We’ve rounded up all the latest stories from Australia and around the world – so you don’t have to go searching.
1. Police believe that William Tyrrell might still be alive – and being held by a paedophile ring.
The search for William Tyrrell continues as police pursue links to a paedophile ring believed to be operating on the NSW mid-north coast.
Police had previously used cadaver dogs and divers in their grim search into the disappearance of the toddler from his grandmother’s home in Kendall late last year.
Lead investigator Detective Inspector Gary Jubelin told The Saturday Telegraph, “We have information that could link William’s disappearance to a group of people suspected of paedophile activity.”
Homicide Squad commander Detective Superintendent Mick Willing has described this new information as a catalyst for a new line of inquiry. He said, “From the moment the paedophile ring was discovered this has become a very fast-paced investigation which is progressing rapidly. That’s all I can say at this point.
“We are pursuing many, many lines of inquiry but what I can say is that there is a team of detectives working very hard. This is a very fast-paced moving inquiry.”
Superintendent Willing added a strong warning: “If you know anything you are implicated. If you are involved you will be charged.”
This news follows yesterday’s heart-wreaching plea of William’s mother for the boy to be returned safely.
2. Chancey Luna found guilty of murdering Aussie baseballer Chris Lane.
By MICHAEL VINCENT
US teenager Chancey Luna has been found guilty of murdering Australian baseball player Chris Lane and sentenced to life in prison without parole.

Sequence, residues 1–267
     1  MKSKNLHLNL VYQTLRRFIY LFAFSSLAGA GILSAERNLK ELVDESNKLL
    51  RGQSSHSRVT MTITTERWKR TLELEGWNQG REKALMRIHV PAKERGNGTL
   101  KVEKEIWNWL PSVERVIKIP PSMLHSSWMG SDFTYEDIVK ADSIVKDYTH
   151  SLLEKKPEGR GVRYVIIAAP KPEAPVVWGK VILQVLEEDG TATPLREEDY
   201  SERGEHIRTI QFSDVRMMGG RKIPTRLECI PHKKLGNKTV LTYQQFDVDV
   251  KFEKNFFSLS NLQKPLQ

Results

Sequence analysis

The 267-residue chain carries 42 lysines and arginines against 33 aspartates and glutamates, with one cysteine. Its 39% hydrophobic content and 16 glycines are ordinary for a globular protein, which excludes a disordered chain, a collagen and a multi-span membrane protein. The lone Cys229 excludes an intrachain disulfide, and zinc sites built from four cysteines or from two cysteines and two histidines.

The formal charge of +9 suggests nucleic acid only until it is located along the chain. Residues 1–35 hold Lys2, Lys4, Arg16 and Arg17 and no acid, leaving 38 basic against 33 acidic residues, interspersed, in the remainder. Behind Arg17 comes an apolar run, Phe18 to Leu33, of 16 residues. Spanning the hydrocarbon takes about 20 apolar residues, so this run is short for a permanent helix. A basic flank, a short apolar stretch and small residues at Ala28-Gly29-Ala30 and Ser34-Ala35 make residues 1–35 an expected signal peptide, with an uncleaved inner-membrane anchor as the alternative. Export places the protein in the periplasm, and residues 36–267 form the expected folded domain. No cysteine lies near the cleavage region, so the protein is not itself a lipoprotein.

Lane, originally from Melbourne, was a student at East Central University in the town of Ada and was shot in the back while he was jogging on a street in Duncan, Oklahoma, on August 16, 2013.
The jury only took a little over an hour to find 17-year-old Luna guilty of first-degree murder, after a four-day trial.
The jury also sentenced Luna to life in prison without parole.
Lane’s father Peter said he felt no joy over the verdict, but was relieved that the trial was over.
“There’s no sense of joy. Something is behind us, something has moved. The trial was fair,” he said.
“He’s gone for life. He’s now 17 and will not see the free light of day in the free world ever.”
He said he and his family took comfort in the fact that the three boys involved in the shooting would be off the streets.
“I don’t ever think there was ever a motive. Whatever reasons and logics — the senselessness of the whole thing is what permeates,” he said.
“The kid [Lane] was out for a run. He didn’t offend anybody, he didn’t hurt anybody, he didn’t argue with anybody … he just got shot.
“There was no reason. It just happened … if they’d got away with Chris maybe there was somebody else next.”